Mamie’s position is a little more difficult to place. While I believe that she provided the idea for the robbery and the information needed by the three men to pull off the crime, I’m mixed on her claims that Morrow was a threat to her. Her first marriage ended on claims of abuse and threats; was Mamie suffering from a type of battered-woman syndrome? Was she pressured into her part of the plot? Because she was not there at the scene of the crime, Perry did not know about her role and was not able to testify against her. Simpson and Waller did not know her well and they said little about her. Mamie’s conviction rested primarily on the aid she provided the three men after the fact. Even Morrow’s testimony against her wasn’t enough to convict her of being an accessory before-the-fact, much less convict her of the greater crimes of murder and robbery.

Another reason to set the trial testimony as the “gold standard” is that journalists of the time were not above playing fast and loose with the facts of the case. As they do not cite their sources, it can be difficult – but not impossible – to confirm or discredit questionable statements. The newspaper articles are very interesting and sometimes helpful – such as during my search for the venue of the trial. But what was printed by the press must be compared both to the trial transcripts and to all other sources of data. The newspapers’ value lies in showing contemporary people’s knowledge and understanding of the events, but newspapers are not always very good at accurately describing these events.

All of the defendants were tried and convicted in the press long before their official trials were concluded. Surprisingly, little mention is made of Mamie’s connection to Kingsland. During the years of her residency, Mamie was featured repeatedly in the society section of the local paper, The Southeast Georgian. Her Kingsland legacy – and that of her family – was reduced to a passing mention that she was a former resident of the town. Her mother and her children were never mentioned by name and not at all until the final article detailing her conviction.

An interesting event brought up in the newspapers, but not at trial, was the supposed theft by Mamie Lee of jewelry from the store she worked at, the Duval Jewelry Company of Jacksonville. I know she worked there – this was confirmed by the testimony of M. L. Hill, but no mention was made of this theft at trial. The newspaper claims that jewelry was recovered at the Todd-Morgan boarding house, but, again, the investigating officers made no mention of finding stolen jewelry when they described what they recovered from the house.

The most accurate portrayal of events were articles published in The Florida-Times Union of Jacksonville, Florida. Articles from the day after the event are surprisingly consistent with the trial testimony. However, the description of the bandits was garbled – just as it was in the other early newspaper accounts. However, even The Florida Times-Union wasn’t above a little sensationalism. For example, contrary to the evidence, the Times-Union reported that Carl was “accosted” in the bank before being carried out to the Parker tract.  Even the local paper, The Southeast Georgian, partook of hyperbole when it described Mamie as saying she was “violently” in love with Malcolm Morrow. In fact, she stated during her trial that she was “desperately” in love with him.  What a big difference one small word can make.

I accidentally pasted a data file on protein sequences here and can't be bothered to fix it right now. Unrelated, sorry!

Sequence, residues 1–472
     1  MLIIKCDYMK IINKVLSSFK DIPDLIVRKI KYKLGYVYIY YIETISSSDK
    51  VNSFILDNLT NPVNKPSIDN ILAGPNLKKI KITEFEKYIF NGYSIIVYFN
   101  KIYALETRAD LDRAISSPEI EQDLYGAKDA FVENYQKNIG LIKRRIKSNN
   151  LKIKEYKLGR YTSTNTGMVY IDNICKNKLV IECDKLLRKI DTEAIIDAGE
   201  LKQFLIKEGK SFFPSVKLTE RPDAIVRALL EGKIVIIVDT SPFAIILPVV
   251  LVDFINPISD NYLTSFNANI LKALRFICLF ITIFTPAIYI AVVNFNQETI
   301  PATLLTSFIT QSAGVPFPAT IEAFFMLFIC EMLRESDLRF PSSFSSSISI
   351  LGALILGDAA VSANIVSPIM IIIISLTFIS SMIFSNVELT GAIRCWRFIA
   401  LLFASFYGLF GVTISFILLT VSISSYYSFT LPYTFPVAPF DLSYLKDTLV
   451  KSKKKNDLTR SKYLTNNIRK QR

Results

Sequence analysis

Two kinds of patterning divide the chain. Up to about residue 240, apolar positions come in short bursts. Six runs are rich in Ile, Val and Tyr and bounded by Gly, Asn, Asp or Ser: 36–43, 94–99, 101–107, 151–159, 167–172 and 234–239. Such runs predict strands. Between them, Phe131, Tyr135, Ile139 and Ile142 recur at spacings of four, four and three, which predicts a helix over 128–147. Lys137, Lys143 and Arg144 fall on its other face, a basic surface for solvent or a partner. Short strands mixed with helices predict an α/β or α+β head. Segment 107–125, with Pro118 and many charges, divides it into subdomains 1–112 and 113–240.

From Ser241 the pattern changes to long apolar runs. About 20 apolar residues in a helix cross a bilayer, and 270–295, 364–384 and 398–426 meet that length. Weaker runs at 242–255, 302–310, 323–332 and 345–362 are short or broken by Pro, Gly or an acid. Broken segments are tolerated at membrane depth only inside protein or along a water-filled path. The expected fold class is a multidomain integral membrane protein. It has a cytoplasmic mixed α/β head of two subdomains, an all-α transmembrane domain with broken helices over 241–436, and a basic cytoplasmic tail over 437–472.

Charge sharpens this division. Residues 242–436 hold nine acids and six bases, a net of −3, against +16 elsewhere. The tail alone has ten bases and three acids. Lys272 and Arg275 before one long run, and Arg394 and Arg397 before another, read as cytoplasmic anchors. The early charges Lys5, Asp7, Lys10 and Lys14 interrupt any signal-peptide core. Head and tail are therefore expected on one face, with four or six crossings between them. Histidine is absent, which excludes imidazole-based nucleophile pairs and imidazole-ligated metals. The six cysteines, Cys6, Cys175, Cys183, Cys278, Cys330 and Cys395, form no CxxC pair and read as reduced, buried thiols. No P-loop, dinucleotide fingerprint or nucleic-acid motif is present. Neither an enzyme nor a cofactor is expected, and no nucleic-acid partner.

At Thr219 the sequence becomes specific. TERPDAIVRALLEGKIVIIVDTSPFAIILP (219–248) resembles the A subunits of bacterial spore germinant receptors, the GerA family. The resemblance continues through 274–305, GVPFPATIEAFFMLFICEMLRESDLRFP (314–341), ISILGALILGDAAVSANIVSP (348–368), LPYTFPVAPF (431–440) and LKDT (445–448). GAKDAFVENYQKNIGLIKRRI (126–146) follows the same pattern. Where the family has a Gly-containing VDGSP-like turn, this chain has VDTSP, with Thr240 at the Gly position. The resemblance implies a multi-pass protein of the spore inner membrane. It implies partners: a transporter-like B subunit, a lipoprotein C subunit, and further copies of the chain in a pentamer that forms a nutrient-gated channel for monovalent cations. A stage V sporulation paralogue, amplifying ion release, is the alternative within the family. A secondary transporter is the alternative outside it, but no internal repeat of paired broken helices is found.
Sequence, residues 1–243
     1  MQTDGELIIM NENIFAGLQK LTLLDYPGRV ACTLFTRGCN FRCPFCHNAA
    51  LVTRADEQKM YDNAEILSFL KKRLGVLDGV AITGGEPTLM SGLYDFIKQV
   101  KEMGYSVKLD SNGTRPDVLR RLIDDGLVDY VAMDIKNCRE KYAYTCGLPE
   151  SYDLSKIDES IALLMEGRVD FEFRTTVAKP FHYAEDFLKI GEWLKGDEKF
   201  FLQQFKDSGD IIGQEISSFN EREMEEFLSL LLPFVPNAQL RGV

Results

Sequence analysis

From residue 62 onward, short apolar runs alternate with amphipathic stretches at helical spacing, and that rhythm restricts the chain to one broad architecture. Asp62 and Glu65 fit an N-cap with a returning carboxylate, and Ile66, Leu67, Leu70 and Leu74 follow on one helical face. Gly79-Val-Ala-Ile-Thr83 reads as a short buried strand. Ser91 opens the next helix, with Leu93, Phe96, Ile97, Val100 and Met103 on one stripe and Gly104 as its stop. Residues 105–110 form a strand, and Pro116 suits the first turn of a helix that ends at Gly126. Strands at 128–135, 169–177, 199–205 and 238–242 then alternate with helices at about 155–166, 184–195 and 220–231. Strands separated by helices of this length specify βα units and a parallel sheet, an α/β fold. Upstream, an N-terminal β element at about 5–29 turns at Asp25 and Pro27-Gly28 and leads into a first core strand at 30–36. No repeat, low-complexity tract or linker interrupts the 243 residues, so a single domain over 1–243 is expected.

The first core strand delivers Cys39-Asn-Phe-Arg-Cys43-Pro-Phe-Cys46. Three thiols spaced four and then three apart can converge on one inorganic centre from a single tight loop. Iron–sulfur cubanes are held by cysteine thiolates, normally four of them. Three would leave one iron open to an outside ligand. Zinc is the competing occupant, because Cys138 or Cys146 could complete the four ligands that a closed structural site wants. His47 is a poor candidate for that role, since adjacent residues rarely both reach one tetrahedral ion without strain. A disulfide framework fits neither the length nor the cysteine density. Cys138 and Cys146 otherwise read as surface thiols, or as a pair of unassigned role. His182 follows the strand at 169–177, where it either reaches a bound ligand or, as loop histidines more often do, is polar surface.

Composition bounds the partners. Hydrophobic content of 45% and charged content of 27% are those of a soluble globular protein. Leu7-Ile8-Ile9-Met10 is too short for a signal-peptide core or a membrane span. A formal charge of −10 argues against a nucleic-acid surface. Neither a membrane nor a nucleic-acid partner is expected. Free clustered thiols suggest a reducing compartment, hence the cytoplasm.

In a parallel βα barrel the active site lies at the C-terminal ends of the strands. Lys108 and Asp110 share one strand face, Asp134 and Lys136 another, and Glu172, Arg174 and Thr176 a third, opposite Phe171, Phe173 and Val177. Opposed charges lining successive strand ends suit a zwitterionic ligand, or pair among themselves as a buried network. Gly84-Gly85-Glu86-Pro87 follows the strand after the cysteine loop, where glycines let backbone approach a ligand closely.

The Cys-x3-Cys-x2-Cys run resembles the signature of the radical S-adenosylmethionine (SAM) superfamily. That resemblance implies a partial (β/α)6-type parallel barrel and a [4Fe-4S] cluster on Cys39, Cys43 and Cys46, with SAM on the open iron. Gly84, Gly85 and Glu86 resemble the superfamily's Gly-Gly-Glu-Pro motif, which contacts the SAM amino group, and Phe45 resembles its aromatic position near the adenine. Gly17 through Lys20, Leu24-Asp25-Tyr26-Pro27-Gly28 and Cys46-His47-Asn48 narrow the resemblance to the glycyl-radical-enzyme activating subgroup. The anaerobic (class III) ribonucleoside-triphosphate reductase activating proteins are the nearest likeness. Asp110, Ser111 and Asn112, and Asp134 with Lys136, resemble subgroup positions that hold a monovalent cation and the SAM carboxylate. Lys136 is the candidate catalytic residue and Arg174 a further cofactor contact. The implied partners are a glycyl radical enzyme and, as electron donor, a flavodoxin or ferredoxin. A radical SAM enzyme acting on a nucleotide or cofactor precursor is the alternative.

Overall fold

I’ve attempted to reproduce the trials as faithfully as possible. When needed, for clarity, I have corrected basic punctuation. I have tried to leave the original wording intact unless it created confusion.

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On Truth

September 5, 2008 at 12:14 pm (Uncategorized)

Truth is a virtue that we should always strive for. But, in spite of all the earnest strivings, it’s not always possible to attain Truth. But we must feel secure in the knowledge that our efforts have brought us that much closer to the Truth.

The Truth may not be something that we like or something that we want. But in reality it shouldn’t matter what the truth turns out to be. Our goals, when writing about history, should not be to lead the reader to a predetermined destination. Instead, the destination should be determined solely by the Truth. Satisfaction should be had from following the path of Truth to its natural destination.

The path we tread when we follow the Truth can be convoluted, dark and crowded with the unknown. But it need not be a frightful path. It is, above all, a path you tread with a light in your hand. And the path behind you is well-marked and open to the sunlight.

The Truth should not be obscured by needless details conjured to put the reader at ease. One of the most frightful terms we may ever hear is “historical fiction.” Few words are less compatible together than these two. If one is reading or writing history, it should be as factual as possible. When one is writing fiction the author is free to create material as needed. When an author creates material that is presented as history, the author has succeeded only in muddying our view of the past. “Historical fiction” should be thought of as an oxymoron and should be discarded as such.